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Old January 4th, 2008, 11:49 PM   #1
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Linking Sound Devices audio files with video in Final Cut Pro. . .

Hi all. . .

At one time, I was thinking of buying a SD 744T four-track recorder. Then I read that the files that the 744T creates aren't true .BWF files and therefore won't "auto-link" with timecoded video in Final Cut Studio 2.0.

Why would SD make a machine that doesn't create automatically linkable files???

Is there some EASY solution around this problem? It seems as if I'm going to have to record all of my audio in the camera only. I am NOT going to manually like up all those audio files shot by shot. I'll have 10,000 shots in this feature. . . a 1000 of which I'll end up keeping. That's a LOT of work.

:-(

Stephen
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Old January 5th, 2008, 05:26 AM   #2
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Originally Posted by Stephen Pruitt View Post
Hi all. . .

At one time, I was thinking of buying a SD 744T four-track recorder. Then I read that the files that the 744T creates aren't true .BWF files and therefore won't "auto-link" with timecoded video in Final Cut Studio 2.0.

Why would SD make a machine that doesn't create automatically linkable files???

Is there some EASY solution around this problem? It seems as if I'm going to have to record all of my audio in the camera only. I am NOT going to manually like up all those audio files shot by shot. I'll have 10,000 shots in this feature. . . a 1000 of which I'll end up keeping. That's a LOT of work.

:-(

Stephen
Don't know where you got the notion that SD recorders don't produce 'true' BWF files, your post is the first I've heard of it. I expect to be at an SD dealer later this morning and I'll check to see if they know anything about this. I'm wondering if you might be a victim of the confusion sometimes encountered between the BWF file FORMAT and the BWF file EXTENSION - the standard extension for a BWF file is WAV, same as a conventional wave file, and not BWF as used to be encountered a while back. I think originally the SD recorders used the BWF extension but the current firmware writes its files with the WAV extension - they're still BWFs though and have the TC generated timestamps. If FCP requires the old extension, just rename the file after copying it to your computer.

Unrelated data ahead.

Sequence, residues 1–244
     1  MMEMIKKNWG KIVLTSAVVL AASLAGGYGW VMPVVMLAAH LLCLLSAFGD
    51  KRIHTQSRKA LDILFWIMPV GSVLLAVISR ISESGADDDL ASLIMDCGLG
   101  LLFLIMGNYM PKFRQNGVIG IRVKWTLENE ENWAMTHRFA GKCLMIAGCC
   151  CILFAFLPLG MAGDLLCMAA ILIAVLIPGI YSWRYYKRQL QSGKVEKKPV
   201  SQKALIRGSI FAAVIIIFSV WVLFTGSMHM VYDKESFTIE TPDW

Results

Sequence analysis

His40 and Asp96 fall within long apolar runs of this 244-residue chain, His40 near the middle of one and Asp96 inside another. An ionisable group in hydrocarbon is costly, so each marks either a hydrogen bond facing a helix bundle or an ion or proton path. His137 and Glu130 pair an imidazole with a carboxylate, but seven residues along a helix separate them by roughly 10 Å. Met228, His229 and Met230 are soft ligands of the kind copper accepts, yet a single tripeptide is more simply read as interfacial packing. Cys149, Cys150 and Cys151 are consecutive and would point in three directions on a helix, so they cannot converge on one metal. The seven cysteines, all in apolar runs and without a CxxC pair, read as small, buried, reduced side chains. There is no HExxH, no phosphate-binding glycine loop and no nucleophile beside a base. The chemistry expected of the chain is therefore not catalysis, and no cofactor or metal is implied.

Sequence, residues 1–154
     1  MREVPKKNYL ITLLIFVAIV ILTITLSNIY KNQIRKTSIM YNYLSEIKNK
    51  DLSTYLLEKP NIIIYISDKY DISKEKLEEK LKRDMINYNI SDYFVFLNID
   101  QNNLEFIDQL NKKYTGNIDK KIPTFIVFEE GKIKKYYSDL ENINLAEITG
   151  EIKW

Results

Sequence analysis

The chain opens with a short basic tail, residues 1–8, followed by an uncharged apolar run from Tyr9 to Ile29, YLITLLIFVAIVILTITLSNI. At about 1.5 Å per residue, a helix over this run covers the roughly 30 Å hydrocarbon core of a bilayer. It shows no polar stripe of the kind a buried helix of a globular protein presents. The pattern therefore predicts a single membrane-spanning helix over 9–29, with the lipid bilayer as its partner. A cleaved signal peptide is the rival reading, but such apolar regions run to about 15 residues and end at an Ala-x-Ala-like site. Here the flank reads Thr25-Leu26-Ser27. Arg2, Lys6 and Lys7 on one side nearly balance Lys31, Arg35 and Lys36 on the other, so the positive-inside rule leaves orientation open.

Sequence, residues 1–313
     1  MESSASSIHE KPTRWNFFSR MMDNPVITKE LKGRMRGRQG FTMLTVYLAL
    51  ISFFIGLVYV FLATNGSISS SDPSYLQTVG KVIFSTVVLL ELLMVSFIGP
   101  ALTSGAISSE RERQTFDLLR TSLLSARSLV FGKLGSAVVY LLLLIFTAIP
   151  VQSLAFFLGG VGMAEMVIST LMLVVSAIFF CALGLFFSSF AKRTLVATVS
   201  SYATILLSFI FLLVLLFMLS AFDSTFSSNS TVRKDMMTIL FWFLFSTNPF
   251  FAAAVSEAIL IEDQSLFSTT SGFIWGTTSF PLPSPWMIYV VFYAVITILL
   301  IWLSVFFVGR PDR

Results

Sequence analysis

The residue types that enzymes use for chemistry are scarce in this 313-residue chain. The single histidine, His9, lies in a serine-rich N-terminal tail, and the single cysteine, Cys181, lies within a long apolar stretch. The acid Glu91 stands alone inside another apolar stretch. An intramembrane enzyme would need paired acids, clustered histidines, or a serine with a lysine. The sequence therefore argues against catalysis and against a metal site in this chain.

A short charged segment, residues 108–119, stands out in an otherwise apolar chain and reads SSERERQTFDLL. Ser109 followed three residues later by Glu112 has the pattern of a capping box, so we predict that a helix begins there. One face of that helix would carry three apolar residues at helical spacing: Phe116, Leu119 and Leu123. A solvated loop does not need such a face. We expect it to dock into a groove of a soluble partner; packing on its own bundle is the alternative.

You didn't mention what camera you're using but the most common problem is that the timecode recorded with the video and the timecode-based timestamp recorded on the BWF audio file doesn't exactly match due to the inability of the camera used to send its code to, or receive external code from, the audio recorder. If the code produced by the TC generator in the camera and the code produced by the TC generator in the audio recorder aren't slaved to each other somehow so they are identical to the frame, an NLE obviously isn't going to be able to automatically sync the video and audio together. I'm not a Mac user so I don't know what might or might not be possible in Final Cut with regard to handling BWFs or how one goes about locking an audio track to a video track in it but AFAIK, the files produced by the SD recorders are perfectly normal, industry standard files. Now it's true that they now have MP3 and FLAC as optional file formats and if you've recorded as FLAC you need to use a converted to turn it into a BWF but that's another issue.
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Old January 5th, 2008, 07:18 AM   #3
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To answer Steve's concern... You simply take the audio file and open it in FCP. FCP places all audio tracks on the timeline. There are some gotcha's and Steve touched on these. Time code is the biggie!

First, you must set the time code on the recorder to match that of the camera. So, if you're shooting true 24P, you want your time code to be 24 FPS. Normal video is done at 29.97 NDF for NTSC. For real film, use 30 NDF. This can be pulled up or pulled down if needed, but in general it's best to use the correct time code from the start.